Why Are REIT M&As So Rare?

By Britton Costa, Associate Director, REITs, Fitch Ratings: Mergers between publicly traded REITs have historically been sporadic. Thus, when one does occur, it typically stokes the long-simmering REIT M&A debate.

Britton CostaMergers between publicly traded REITs have historically been sporadic. Thus when one does occur, it typically stokes the long-simmering REIT M&A debate. That is, will the most recent merger be the catalyst for the industry’s consolidation and maturation (a role that M&A has served in most other industries)?

Fitch Ratings believes public REIT M&A transactions will continue to be a rarity for a few notable reasons. Namely, symmetric information for valuing REITs and the lack of meaningful synergies reduce the total return potential, such that structural and social obstacles are sufficient to ward off unsolicited advances.

For one, M&A is an important mechanism for price discovery in most other industries. Target companies’ securities prices may deviate from their intrinsic value as all material information may not be publicly disclosed, known or readily understood. In contrast, REITs are relatively simple to value and the inputs are readily available — resulting in symmetry of information between buyers and sellers; thus fewer opportunities for large arbitrages, correspondingly, the dearth of M&A deals.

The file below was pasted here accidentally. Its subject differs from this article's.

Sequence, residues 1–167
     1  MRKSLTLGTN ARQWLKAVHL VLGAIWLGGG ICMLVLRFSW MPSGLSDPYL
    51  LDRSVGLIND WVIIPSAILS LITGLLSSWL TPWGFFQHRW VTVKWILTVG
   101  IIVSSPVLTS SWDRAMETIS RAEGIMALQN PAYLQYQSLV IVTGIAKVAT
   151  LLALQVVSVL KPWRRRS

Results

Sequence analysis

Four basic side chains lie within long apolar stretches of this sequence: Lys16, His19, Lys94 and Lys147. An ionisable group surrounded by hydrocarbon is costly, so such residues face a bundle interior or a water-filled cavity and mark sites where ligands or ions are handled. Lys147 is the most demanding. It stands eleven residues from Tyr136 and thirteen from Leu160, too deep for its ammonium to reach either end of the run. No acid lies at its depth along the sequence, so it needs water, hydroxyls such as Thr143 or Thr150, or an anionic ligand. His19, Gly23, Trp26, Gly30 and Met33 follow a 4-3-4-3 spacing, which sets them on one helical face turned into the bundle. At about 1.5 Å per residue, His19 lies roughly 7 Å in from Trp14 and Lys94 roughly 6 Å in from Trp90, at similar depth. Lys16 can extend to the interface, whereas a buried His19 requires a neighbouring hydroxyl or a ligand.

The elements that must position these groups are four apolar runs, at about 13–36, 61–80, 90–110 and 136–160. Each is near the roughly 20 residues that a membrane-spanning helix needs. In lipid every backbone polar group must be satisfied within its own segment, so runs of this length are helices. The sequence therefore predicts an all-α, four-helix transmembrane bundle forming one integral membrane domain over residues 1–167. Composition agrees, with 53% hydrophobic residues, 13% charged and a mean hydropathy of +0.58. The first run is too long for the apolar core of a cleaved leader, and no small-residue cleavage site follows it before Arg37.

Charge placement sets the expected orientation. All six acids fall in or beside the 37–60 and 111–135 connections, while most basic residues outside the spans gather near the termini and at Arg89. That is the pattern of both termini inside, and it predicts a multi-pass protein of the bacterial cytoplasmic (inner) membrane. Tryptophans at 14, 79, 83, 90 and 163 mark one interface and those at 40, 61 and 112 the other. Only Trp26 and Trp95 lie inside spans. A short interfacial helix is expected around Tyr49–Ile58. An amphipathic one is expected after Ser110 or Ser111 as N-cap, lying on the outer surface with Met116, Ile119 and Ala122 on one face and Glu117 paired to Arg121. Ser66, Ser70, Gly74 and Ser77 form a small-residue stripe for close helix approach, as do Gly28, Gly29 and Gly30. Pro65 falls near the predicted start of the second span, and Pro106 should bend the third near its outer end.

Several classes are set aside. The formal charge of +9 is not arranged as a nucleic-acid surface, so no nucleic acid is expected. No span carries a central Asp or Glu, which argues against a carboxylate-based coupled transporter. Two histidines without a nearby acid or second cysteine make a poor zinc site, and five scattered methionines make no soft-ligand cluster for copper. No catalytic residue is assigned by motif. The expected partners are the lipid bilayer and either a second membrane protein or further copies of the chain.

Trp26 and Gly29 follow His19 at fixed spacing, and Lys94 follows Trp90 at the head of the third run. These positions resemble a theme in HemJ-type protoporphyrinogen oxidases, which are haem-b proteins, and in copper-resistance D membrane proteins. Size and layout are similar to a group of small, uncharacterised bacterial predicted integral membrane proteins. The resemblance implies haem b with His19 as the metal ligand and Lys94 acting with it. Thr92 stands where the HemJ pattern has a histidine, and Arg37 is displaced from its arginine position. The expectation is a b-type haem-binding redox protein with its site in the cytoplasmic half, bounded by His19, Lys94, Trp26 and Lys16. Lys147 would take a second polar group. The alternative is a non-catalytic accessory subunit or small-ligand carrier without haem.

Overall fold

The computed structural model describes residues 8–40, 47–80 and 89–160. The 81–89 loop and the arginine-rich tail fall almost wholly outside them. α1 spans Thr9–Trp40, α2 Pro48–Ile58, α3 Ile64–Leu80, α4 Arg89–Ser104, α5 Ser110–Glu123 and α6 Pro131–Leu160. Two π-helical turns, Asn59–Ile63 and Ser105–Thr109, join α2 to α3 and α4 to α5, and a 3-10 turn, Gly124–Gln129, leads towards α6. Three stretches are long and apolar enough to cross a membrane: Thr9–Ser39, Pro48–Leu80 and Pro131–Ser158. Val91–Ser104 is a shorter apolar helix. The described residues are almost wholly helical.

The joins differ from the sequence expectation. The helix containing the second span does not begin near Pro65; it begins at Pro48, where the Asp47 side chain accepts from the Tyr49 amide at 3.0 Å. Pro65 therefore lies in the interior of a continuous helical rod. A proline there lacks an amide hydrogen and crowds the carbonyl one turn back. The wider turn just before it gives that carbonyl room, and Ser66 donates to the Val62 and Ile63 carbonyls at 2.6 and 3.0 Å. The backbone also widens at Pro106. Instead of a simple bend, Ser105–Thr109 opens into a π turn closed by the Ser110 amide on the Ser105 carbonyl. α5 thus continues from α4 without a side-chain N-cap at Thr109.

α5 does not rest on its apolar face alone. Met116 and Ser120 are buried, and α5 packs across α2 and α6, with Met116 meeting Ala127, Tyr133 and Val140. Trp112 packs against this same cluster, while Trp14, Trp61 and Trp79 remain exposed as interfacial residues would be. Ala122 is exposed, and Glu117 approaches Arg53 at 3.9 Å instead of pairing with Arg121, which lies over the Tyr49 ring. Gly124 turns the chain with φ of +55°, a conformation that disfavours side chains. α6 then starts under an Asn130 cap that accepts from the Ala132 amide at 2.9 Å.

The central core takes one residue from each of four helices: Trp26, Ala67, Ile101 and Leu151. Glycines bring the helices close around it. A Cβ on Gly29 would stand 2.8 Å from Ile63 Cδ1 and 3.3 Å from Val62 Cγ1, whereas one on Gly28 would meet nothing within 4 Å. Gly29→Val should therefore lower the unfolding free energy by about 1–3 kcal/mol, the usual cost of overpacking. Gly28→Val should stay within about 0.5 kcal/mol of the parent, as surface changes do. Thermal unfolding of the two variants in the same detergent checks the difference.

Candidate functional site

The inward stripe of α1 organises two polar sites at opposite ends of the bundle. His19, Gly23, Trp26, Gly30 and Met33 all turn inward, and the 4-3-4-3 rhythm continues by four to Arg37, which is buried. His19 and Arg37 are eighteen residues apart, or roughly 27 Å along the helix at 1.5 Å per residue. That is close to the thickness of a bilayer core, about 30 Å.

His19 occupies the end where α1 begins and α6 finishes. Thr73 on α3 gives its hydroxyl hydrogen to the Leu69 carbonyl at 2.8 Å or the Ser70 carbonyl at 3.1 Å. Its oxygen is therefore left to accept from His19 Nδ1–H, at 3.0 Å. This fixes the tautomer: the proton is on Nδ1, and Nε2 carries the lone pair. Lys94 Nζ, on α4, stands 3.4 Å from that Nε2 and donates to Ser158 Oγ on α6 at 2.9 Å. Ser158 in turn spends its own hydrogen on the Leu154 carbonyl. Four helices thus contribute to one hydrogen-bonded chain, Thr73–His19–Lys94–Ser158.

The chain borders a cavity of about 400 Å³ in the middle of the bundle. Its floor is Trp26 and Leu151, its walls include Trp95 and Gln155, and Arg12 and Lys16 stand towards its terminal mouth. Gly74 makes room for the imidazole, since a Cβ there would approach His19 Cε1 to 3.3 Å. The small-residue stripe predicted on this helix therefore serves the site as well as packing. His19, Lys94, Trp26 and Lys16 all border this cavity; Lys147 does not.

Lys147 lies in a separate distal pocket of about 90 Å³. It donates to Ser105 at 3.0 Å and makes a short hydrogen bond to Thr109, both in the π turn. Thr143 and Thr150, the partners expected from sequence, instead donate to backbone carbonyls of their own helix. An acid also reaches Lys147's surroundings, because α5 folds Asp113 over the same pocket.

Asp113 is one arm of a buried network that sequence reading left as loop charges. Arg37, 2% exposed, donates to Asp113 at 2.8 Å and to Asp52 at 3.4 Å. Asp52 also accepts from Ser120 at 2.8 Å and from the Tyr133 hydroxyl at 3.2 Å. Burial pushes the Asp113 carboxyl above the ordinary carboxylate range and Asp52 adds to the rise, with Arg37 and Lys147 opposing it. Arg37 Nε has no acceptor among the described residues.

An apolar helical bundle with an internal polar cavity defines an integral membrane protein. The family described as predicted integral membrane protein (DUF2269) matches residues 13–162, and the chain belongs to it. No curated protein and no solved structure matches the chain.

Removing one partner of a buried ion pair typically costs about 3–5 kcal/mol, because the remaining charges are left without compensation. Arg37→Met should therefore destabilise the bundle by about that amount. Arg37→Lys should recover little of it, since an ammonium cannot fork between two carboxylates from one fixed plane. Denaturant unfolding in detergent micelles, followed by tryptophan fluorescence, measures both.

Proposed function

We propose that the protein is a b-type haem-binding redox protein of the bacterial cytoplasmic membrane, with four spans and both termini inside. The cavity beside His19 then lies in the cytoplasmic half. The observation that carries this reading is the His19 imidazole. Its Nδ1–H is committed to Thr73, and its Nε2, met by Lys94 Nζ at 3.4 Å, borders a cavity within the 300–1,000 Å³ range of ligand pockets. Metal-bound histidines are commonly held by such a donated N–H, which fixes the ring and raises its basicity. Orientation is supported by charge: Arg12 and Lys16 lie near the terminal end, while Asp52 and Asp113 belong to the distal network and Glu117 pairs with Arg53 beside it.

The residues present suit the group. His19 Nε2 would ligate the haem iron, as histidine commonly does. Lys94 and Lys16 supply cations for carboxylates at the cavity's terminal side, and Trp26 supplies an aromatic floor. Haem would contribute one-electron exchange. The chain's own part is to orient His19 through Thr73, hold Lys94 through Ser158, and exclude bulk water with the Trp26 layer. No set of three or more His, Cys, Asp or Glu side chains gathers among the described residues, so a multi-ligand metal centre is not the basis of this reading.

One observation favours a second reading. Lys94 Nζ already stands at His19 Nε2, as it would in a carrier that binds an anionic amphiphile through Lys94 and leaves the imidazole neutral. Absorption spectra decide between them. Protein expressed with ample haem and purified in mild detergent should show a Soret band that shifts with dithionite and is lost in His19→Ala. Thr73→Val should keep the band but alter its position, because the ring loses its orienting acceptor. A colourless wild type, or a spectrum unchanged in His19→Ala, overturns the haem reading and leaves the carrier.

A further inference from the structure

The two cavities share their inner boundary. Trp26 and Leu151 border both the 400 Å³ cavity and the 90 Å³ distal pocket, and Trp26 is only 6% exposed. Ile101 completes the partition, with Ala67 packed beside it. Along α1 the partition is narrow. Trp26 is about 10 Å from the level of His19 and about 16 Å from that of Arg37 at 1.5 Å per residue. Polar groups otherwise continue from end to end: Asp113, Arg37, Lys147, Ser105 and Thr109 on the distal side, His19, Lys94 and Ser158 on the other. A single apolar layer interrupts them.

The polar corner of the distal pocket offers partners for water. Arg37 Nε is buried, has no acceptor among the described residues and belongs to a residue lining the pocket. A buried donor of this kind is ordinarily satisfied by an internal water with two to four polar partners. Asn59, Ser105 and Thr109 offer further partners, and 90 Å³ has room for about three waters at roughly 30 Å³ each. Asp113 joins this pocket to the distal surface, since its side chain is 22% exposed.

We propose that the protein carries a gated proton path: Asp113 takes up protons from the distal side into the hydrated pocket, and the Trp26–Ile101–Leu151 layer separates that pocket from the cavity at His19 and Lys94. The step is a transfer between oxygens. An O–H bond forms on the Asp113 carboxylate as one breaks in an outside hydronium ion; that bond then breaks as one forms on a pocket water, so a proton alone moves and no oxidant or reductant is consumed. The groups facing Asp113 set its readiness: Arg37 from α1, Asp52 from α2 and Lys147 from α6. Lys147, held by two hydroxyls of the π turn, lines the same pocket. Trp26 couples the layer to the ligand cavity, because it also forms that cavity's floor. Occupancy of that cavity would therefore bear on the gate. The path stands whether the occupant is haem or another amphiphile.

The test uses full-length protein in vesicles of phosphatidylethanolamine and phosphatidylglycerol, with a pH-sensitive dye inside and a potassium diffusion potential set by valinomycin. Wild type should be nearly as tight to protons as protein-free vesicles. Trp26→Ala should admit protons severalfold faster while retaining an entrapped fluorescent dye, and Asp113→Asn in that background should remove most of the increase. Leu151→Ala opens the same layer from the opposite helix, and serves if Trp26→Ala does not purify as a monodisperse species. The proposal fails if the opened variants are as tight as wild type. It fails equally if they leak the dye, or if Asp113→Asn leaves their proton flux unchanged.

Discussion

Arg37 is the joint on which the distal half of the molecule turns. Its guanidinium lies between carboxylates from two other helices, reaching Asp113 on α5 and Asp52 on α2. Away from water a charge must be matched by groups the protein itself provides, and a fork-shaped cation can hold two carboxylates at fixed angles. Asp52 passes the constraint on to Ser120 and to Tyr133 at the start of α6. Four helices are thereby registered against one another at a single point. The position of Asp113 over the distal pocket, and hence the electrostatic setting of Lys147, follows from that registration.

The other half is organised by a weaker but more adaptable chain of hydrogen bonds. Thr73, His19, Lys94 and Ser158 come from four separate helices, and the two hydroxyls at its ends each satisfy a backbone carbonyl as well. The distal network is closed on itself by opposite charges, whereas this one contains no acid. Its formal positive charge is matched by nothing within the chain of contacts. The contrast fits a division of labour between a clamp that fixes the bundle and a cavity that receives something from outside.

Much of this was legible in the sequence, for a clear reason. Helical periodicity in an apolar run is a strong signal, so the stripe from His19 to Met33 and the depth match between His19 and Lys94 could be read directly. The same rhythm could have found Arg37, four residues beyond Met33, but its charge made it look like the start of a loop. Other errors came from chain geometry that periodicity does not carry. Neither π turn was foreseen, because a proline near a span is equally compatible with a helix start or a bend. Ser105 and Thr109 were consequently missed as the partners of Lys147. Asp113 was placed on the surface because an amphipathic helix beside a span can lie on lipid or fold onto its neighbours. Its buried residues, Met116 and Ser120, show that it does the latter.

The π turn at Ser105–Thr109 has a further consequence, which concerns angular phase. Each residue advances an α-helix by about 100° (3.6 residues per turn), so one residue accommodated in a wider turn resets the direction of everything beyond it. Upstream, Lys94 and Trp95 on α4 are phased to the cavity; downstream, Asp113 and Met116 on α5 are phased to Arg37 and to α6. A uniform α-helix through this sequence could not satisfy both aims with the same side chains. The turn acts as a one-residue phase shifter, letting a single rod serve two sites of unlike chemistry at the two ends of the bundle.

A sometimes equally as important return component for M&A is synergistic savings; specifically, improving margins through economies of scale (e.g. increased purchasing power or more efficient manufacturing, distribution, marketing, or research and development). Few, if any, of these factors that comprise the majority of typical corporate expenses apply to REITs. Other than capital itself, REITs have no costs of goods sold. Operating expenses, such as utilities and taxes, tend to be property specific and are often passed through to the tenants while leasing costs are capitalized.

As if lower potential returns were not enough to discourage M&A, structural considerations make hostile deals difficult and even friendly deals complex and time-consuming. REITs’ organizational documents typically limit any one shareholder’s ownership to 9.9 percent or less for tax purposes. Thus, a potential acquirer would need the target board’s support or risk having an insufficient number of shares to control the outcome of matters put to a vote. As such, social issues, which are the least defensible and easiest to surmount in theory – but not always in practice, become the gatekeeper for M&A.

Looking forward, Fitch Ratings expects REIT M&A activity will continue to be achievable but sporadic and the industry’s consolidation and maturation will differ from most other corporate sectors.